26 Pages Posted: 16 Aug 2007
Date Written: August 2007
In order to have recoverable damages in a Rule 10b-5 action, plaintiffs must establish loss causation, i.e. that the actionable misconduct was the cause of economic losses to the plaintiffs. The requirement of loss causation has come to the fore as the result of the Supreme Court's landmark decision in Dura Pharmaceuticals v. Broudo. We address in this paper a number of loss causation issues in light of the Dura decision, including issues surrounding the proper use of event studies to establish recoverable damages, the requirement that there be a corrective disclosure, what types of disclosure should count as a corrective disclosure, post-corrective disclosure stock price movements, the distinction between the class period and the damage period, collateral damage caused by a corrective disclosure, and forward-casting estimates of recoverable damages.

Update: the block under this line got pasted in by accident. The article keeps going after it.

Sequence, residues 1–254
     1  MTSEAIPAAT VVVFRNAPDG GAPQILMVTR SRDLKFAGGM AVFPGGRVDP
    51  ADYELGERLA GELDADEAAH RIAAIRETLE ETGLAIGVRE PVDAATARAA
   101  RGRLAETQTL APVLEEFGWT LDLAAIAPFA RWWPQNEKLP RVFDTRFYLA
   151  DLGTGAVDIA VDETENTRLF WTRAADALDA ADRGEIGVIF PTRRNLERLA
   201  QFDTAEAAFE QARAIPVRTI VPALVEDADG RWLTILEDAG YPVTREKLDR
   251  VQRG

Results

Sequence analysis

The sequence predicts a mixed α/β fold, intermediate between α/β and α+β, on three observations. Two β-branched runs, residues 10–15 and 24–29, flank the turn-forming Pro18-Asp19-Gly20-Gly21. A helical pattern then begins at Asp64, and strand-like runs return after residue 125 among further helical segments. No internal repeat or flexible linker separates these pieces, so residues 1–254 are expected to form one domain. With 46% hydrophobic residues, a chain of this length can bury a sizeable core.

Keywords: Securities damages, Dura, Dura Pharmaceuticals, Broudo, securities litigation, Rule 10b-5, event study, securities regulation, loss causation
JEL Classification: K22, K42
Suggested Citation: Suggested Citation
Ferrell, Allen and Saha, Atanu, The Loss Causation Requirement for Rule 10b-5 Causes-of-Action: The Implication of Dura Pharmaceuticals v. Broudo (August 2007). Harvard Law and Economics Discussion Paper No. 596. Available at SSRN: https://ssrn.com/abstract=1006088 or http://dx.doi.org/10.2139/ssrn.1006088